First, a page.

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Grading the Islanders: Jeff Tambellini, timeless message board fodder

I do not take on this task happily. If I thought trucking out oft-injured whipping boy Andy Sutton for review was a case of leading a lamb -- albeit a very large one -- to slaughter, I don't know what you call putting Jeff Tambellini up for a grade.

Unlike a guy such as Frans Nielsen, Jeff Tambellini's merits have been debated, rebated, redebated, and driven into the ground over and over and over again on pretty much every forum (online or in-bar) out there. Due to the passage of time without improved results, his supporters camp has gotten smaller. But even today, you will find those who say he never got a chance (ice time, coach's confidence, ample power play time) matching up against those who say his first chance was one too many. In between is a grey area that begs how to seize an opportunity when you get it, no matter how brief.

The killer? By most accounts he's the nicest, most level-headed guy you could meet. Can he serve a role that keeps him in this league? He has one more year to try to prove it.

Jeff Tambellini

#15 / Left Wing / New York Islanders



Apr 13, 1984

(parts of) 4

$587,500 this year, then RFA

Surely this is the last chance...right?

GP G A P +/- PIM PPG TOI PPtoi SHtoi Hits Sh%
2008 - 09 Jeff Tambellini 65 7 8 15 -20 32 0 13:06 0:52 0:07 99 7.1

Random Fact: In 2003's first round, Tambellini was selected (by L.A.) one spot above Anaheim's Corey Perry, and 12 spots behind fellow prodigal prospect Robert Nilsson.

"This is our concern, Dude" Fact: Okay, he's entering Year 5 with the Islanders, and it's been 11 goals (excluding some shootout beauties) in 140 games. Granted, mixed messages and several Bridgeport demotion/callups during that time haven't helped the confidence, but...

The Story: It was another Tambellini year. A slow, rocky start led to a two-week December demotion to get the proverbial scorer's confidence back. But upon his return, he still had a few healthy scratches, and he remained an overlooked option in many offensive situations. That blistering shootout wrist shot is sublime, though; grant him that.

Tambellini's ice time per game was 13th among Islanders forwards (that includes Mike Comrie, who was traded, and Mike Sillinger, who returned for seven games before shutting it down for good). He averaged under a minute of PP time per game -- sometimes he'd get a decent shot, but usually he was on the garbage-time cleanup unit. So that's not a great opportunity nor confidence builder for a guy who's supposed to score goals, but still: He didn't shine when given the (however brief) chance on the featured PP unit. In about an hour of total 5-on-4 PP time last year, he had zero goals, zero assists, and was the worst-rated Islanders 5-on-4 forward to average at least 30 seconds a game.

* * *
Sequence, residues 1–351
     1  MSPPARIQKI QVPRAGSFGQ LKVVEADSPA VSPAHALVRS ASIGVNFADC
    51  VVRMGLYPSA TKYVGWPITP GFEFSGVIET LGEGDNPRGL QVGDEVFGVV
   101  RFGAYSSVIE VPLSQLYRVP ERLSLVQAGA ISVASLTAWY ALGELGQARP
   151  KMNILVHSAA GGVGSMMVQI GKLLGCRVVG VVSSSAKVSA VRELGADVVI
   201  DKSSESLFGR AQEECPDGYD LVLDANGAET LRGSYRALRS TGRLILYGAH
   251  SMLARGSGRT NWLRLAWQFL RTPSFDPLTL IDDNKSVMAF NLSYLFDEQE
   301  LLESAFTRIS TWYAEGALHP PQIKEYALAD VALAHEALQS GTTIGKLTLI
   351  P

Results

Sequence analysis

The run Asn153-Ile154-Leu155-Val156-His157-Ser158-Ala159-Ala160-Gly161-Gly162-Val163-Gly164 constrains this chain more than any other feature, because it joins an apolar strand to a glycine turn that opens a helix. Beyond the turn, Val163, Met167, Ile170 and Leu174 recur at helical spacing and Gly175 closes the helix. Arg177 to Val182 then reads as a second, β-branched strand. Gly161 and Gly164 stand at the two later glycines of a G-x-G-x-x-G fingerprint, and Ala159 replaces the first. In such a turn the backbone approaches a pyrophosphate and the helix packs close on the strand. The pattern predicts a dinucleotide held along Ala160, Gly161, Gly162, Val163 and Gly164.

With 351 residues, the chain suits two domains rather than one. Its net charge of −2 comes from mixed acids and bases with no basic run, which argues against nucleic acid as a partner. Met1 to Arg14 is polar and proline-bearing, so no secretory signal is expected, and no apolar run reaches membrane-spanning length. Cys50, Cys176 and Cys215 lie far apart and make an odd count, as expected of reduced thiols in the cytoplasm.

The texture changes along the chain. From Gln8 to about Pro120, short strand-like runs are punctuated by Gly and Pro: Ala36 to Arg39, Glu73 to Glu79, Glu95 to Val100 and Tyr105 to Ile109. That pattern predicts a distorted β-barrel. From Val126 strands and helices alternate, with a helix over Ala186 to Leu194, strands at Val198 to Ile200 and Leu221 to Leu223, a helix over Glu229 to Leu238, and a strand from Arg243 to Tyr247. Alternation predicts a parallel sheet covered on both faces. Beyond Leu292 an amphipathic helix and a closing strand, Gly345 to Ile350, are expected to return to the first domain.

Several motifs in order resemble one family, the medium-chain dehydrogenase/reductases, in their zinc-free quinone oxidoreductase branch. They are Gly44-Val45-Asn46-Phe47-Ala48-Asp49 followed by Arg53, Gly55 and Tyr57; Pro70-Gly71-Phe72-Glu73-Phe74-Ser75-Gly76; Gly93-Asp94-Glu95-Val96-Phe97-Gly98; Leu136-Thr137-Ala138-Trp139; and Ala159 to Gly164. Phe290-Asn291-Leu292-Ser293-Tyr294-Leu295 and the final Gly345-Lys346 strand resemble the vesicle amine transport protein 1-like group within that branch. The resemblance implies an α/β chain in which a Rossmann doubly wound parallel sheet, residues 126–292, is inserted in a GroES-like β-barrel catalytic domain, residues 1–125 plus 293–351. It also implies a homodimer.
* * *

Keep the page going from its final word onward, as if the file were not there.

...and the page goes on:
A Crisis of Roles: The question was brought up to Scott Gordon: When you have a successful AHL scorer who isn't getting it done in the NHL, what then? Gordon mentioned former P-Bruin and Gordon underling Andy Hilbert as a successful convert, a guy who remade himself into a defensive checking forward: "What do you want to be -- a half-million dollar all-around player in the NHL, or maybe a hundred thousand dollar scorer in the American League?" But Tambellini wasn't really used on the penalty kill last year, and you know what else? Andy Hilbert is still an unsigned free agent. That doesn't bode well, though it may slightly open up the chance for Tambellini in that diminished role.

Get this, though: Tambellini was third among Islanders forwards in hits -- behind only regular bruisers Tim Jackman and Trent Hunter. Clearly, one part of Tambellini's attempt to adapt his game for coaches, and to increase the intensity they so desired, was to bang bodies. He did that, and he did it fairly well given his size, without taking a bunch of bad penalties in the process.

But is that his ideal role? Is it achievable? Is it just an unfortunate byproduct of the "tweener" status that has plagued his stunted evolution into an NHL forward? Put it this way: If Jeff Tambellini were given a half-season (some would say another half-season) on an NHL scoring line, could he produce enough to stay there? So far, the indication is a resounding no. He hasn't gotten to the traffic areas enough and he doesn't get his rather lethal shot off quickly enough. Does that mean you right him off now, or could he still do bloom late, at age 25?

Well, we'll find out. He's got one more year on the contract. If he starts this year off well, I can see him sticking around. But what is "well?" If he hasn't bloomed by the third quarter and hasn't taken ownership of an alternative role, I see the Islanders burying him while creating room to evaluate other, younger forwards. It's been mentioned several times before, but this, finally, is his make-or-break moment.

The Poem (haiku this time):

Flowers reaching Fall
Such is Jeff Tambellini
Will there be a Spring?

The Grade: Regulars know the drill. New visitors and frequent lurkers, vote your grade relative to the expectations you had going into last season. That means taking what you expected of him and saying whether he went above or below that. Meanwhile, answer any of the questions above or explain your grade in comments, whether you want to take on what went wrong, what could(?) still go right, and where you see things going this coming season.